What do I remember about my first seven years? I remember that I spent them in Ireland. I remember the rain and the pervasive grey skies that made every color on earth below—natural and manufactured—seem bottomless. I remember those rare sunny days that occasionally prompted women to stand in their front yards wearing bras like bikini tops, soaking up what sun they could. We were deadly pale, the ghostly descendants of Adam and Eve, and we felt no shame.
I remember the time one of my primary-school classmates returned from a month-long vacation to Africa with his family. He’d come back with a light-brown complexion, and I remember trying to make sense of the bizarre transformation. I was six years old before I saw my first tan. I remember sweets—the sugary gumminess of Fruit Pastilles, the way a chocolate Cadbury Flake crumbled and dissolved on your tongue after you plucked it from your soft-serve ice cream cone. I remember all these things and more. But I was young. The childhood brain is a sieve with yawning gaps in its mesh.
My mom reminds me of the time when I was two years old and painted my parents’ world black for a few hours. We were living in Dublin, and they’d decided it would be fun to meet some friends at the Dundrum Recreation Center near our house. At one point while everyone was milling about inside, my dad realized he’d forgotten something back at the house and headed out to drive home. No one realized, least of all my dad, that I’d followed him through the doors. After he drove off, instead of waddling back inside, I ventured into the surrounding neighborhood.
When my dad eventually returned to the recreation center and my parents faced the stomach-turning realization that they’d both assumed I was in the other’s care, my mom quickly broke up the group into search parties. Several hours later, one of the friends driving around searching for me was flagged down by a woman with a displaced toddler in her kitchen.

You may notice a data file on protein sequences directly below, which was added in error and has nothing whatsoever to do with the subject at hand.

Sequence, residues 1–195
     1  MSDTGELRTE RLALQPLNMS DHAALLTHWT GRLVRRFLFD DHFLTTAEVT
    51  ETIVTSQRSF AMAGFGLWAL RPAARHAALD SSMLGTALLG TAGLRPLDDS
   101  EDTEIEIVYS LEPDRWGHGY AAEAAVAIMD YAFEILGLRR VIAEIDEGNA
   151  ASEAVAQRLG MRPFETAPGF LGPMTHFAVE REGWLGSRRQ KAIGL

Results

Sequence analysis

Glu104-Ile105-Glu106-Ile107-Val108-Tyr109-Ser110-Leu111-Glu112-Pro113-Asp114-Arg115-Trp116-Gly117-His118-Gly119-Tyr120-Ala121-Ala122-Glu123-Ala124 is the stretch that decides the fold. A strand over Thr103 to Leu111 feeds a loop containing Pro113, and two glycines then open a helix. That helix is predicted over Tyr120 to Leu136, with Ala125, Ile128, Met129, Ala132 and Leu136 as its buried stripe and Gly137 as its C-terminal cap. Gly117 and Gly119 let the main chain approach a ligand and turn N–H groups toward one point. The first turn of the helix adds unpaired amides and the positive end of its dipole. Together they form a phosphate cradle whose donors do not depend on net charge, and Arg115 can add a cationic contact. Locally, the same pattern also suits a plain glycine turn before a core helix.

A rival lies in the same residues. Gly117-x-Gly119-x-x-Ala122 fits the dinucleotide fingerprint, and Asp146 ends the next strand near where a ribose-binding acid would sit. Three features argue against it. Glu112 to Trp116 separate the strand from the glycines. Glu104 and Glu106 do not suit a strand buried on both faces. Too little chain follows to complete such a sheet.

This woman’s children had found me sitting alone in a grassy field near their house wearing a little blue tracksuit and tennis shoes, crying hysterically. Not knowing what else to do, they brought me home. Before their mom happened to notice our family friend cruising slowly down her street, she’d stripped me head to toe, checking for any sign of who I was or to whom I belonged. She found nothing.
More than a quarter century has passed since that afternoon. My parents moved the family to Southern California in 1986, and it wasn’t long before my rough-and-tumble Dublin accent eroded under the weight of schoolyard ridicule. Once the accent goes, people patronizingly deem you Irish the way “everyone’s Irish on St. Patty’s.” But when I listen to Irish music today, it makes me feel like maybe I still belong to that wonderful country. And perhaps, in some small way, it still belongs to me.
In December of 2005, I began learning the Irish bagpipes—typically called the uilleann (pronounced “ILL-uhn”) pipes. “Uilleann” is the Irish word for “elbow” because, unlike the Scottish highland pipes, which are mouth-blown, the air that flows through the uilleann pipes is produced by a set of bellows strapped to one elbow. The other elbow is used to squeeze the bag, which pushes air through the chanter—the flute-looking part of the instrument, which you play with your fingers. It’s a mighty instrument and a humbling one to learn, but it rewards your patience with an unrivaled expressiveness.
Tonight I’m listening to master piper Liam O’Flynn play a particularly gorgeous slow air called “Aisling Gheal” on a mellow, flat-pitch set of uilleann pipes. (An air is the melody to an Irish song.) The keening wail of the pipes expresses the feeling of the song without need for words. Music has its own language. And the pipes have their own accent. So even if my speaking voice never sounds Irish again, I’ll let the pipes speak for me. When I’m feeling untethered and can’t trace my steps back to a place that feels like home, the pipes unleash singing sighs on my behalf.